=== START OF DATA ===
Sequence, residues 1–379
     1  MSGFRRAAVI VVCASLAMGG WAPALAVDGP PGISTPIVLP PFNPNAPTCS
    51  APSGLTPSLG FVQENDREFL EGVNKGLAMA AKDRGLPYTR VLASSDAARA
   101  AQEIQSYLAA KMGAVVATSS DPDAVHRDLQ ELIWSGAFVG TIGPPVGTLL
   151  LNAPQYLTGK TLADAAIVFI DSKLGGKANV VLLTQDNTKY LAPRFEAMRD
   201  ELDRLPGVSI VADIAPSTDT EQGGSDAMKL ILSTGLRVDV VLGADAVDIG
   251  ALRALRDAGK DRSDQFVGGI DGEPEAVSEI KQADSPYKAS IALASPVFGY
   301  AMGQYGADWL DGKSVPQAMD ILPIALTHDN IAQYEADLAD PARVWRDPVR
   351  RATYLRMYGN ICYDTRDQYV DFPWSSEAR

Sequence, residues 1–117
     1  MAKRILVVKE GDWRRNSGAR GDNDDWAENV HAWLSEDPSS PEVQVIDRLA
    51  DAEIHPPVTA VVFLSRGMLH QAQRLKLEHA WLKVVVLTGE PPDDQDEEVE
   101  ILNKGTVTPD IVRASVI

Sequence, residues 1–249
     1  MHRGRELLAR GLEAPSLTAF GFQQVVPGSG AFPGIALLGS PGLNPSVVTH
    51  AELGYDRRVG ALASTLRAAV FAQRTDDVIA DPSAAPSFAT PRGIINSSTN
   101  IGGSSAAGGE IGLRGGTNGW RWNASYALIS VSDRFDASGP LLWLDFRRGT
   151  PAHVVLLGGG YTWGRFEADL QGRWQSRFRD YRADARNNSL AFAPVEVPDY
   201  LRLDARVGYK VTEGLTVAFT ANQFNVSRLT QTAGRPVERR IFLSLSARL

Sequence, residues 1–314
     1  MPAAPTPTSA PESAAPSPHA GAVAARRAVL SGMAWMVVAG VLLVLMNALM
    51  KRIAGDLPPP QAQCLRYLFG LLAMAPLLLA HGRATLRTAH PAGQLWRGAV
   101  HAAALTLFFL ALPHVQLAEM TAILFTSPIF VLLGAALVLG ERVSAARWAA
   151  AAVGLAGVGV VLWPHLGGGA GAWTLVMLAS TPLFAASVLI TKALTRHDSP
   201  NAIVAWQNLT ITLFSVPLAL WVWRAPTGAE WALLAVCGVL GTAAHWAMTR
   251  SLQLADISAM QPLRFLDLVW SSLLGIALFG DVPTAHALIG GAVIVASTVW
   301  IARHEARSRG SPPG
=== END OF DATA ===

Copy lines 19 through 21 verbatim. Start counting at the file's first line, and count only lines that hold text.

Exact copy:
   201  LRLDARVGYK VTEGLTVAFT ANQFNVSRLT QTAGRPVERR IFLSLSARL

Sequence, residues 1–314
     1  MPAAPTPTSA PESAAPSPHA GAVAARRAVL SGMAWMVVAG VLLVLMNALM